Helping Adults With Dyslexia In The Workplace. Even though adult dyslexics are tremendously talented, they still have some problems that may need special attention, especially coming from their employers and colleagues.
Most likely, adults with this condition are defensive and secretive. They also write down inverted financial figures and phone numbers. A simple memo can take an hour of their time just to decipher.
Masquerade. However, even with the acceptance of the condition, most would still likely try to hide their illiteracy from their colleagues. They have their own subtle ways on manipulating other people to write and read for them, which is a skill that most dyslexics have developed during their school years.
In most cases, severe headaches are the result of putting much effort into trying to read with accuracy. There is a loss of productivity that is obvious to anyone, although it can be hard to estimate up to what extent.
Playing such kind of masquerade won’t do any good in the part of both employee and employer. That is why openness about the condition is needed so that the employer and employee with the condition can help out each other in able to achieve productivity and success.
Compromise. A little give and take between the employer and employee is important. Both sides should cooperate with each other on how they can improve the working experience and product of the employee.
One example would be devising a way to make it easier for the dyslexic adult to read while in the workplace. Employers should take charge and initiate that they’d be giving support to their employee to make reading easier. Adapting the workplace is easy, as long as there is cooperation between the workers and employers.
Some Reading Techniques In The Workplace. One way to help out reading disabled people so that they can efficiently work is to give them instructions orally. Dictating through an audio recorder or voice mail would also be helpful. Doing this can help save time and increase productivity since there is no more need for an hour long memo deciphering sessions.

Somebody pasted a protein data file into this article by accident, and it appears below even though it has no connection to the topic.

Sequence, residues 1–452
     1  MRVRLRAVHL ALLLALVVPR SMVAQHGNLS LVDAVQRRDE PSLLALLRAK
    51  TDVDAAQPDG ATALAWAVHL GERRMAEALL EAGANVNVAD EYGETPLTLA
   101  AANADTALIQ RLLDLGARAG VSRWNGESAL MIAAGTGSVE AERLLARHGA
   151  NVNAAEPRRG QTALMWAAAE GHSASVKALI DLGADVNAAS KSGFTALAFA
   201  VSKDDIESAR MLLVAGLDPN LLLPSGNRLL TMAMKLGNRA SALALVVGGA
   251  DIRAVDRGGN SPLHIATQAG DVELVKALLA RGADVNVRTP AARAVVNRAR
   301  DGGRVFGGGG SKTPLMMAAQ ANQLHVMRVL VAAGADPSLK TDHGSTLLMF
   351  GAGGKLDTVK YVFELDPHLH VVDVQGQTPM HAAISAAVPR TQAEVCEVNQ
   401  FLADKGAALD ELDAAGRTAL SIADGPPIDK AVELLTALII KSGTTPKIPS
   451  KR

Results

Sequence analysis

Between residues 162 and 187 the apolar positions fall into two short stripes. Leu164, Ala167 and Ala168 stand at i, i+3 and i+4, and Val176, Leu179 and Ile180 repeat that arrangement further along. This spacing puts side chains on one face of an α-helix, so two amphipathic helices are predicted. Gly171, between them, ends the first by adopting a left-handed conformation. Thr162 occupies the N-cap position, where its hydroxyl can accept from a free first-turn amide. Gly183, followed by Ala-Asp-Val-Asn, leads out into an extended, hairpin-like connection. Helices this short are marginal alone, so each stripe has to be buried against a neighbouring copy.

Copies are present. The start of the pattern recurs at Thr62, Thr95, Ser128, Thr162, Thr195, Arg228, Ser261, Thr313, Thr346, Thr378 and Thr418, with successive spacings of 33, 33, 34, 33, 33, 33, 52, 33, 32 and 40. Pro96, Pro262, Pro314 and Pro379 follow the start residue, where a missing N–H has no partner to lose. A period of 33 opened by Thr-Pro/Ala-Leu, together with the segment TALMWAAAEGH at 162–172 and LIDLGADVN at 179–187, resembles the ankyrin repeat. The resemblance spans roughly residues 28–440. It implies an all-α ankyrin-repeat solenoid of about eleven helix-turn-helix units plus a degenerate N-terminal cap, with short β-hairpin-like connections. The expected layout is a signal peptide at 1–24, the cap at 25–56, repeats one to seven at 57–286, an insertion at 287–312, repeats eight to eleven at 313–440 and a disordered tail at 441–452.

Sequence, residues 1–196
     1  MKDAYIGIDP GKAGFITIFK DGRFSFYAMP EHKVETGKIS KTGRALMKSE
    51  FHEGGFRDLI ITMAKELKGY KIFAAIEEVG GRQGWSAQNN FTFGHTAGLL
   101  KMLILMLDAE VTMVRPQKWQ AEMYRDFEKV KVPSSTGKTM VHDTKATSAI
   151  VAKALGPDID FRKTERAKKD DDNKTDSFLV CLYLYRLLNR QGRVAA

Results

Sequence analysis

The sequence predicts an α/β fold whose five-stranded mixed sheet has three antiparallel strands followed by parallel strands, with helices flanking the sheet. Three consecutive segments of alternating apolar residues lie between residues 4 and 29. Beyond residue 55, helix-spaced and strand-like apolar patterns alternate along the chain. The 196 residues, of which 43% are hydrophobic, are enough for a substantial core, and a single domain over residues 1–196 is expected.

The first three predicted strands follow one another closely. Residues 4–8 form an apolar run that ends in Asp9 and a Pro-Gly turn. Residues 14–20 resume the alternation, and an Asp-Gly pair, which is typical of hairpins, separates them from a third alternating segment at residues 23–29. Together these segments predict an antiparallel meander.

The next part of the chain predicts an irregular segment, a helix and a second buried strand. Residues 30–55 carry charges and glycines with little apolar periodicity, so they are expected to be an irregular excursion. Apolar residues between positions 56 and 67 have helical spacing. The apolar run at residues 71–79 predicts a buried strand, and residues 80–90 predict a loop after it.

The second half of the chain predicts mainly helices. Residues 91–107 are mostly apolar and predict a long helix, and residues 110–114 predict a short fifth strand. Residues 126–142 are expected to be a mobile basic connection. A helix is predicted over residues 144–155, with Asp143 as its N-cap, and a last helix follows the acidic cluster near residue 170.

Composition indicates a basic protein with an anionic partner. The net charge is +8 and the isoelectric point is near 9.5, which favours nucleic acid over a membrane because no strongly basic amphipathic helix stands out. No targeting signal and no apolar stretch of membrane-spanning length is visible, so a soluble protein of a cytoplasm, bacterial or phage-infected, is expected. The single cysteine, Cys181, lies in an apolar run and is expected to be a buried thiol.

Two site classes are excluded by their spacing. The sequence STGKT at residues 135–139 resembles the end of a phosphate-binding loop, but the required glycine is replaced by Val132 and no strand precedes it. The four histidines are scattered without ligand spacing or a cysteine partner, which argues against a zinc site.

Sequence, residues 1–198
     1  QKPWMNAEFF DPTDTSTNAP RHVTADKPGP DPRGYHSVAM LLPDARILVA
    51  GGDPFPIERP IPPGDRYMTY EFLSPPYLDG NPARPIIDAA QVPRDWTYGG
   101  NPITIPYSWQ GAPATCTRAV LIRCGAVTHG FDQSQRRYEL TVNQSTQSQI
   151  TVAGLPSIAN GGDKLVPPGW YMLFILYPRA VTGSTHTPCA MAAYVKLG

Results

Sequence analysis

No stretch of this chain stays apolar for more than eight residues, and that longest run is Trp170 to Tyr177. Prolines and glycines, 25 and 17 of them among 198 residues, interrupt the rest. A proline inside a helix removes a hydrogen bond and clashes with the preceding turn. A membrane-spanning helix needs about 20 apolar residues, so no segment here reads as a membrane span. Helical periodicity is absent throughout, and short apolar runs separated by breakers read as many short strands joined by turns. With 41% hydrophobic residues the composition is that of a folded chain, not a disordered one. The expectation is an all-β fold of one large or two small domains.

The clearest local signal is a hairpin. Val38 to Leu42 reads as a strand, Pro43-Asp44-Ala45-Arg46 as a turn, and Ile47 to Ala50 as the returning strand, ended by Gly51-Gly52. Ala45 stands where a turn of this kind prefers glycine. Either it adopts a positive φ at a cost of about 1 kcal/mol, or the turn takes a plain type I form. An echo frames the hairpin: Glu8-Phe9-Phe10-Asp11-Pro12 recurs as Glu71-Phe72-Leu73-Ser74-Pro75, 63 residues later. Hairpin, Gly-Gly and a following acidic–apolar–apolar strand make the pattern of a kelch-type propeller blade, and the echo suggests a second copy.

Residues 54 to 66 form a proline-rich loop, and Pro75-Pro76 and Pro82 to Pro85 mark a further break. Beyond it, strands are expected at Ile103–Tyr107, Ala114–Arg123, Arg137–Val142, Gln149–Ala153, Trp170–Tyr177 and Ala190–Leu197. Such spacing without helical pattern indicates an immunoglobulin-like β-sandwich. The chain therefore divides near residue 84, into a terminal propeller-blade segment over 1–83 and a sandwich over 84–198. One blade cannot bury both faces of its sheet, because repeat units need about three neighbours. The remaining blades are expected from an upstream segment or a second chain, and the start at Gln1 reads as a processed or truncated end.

Assigning someone to read things to them is okay. However, this can sometimes make the employee with the condition feel somewhat awkward. It would be better to provide a computer that has a voice synthesizer. The computer can easily be the one to read the memos for you employee.
Computers are of great help, since most dyslexics are good in using one. In fact, some people with this condition sometimes find it easier to read from screens than reading from paper. Additionally, they are able to compose presentable reports and letters by using the spell-checker feature of the computer.
On Writing. With regards to writing, avoid giving written tests that are similar to those given in school. Another is that if possible; avoid asking your dyslexic employee to fill in very complicated forms.
If your employee haven’t had remedial training, then he or she has a somewhat disadvantage. But there’s no need to be discouraged, since they have accurate and detailed memories.
What you can do is to question them orally. You can also assign someone to write down their answers while they dictate it. If you really have to give a written test, then you are obliged to give extra time for your employee to answer it.
Additionally, the test should be conducted in an environment that is distraction free.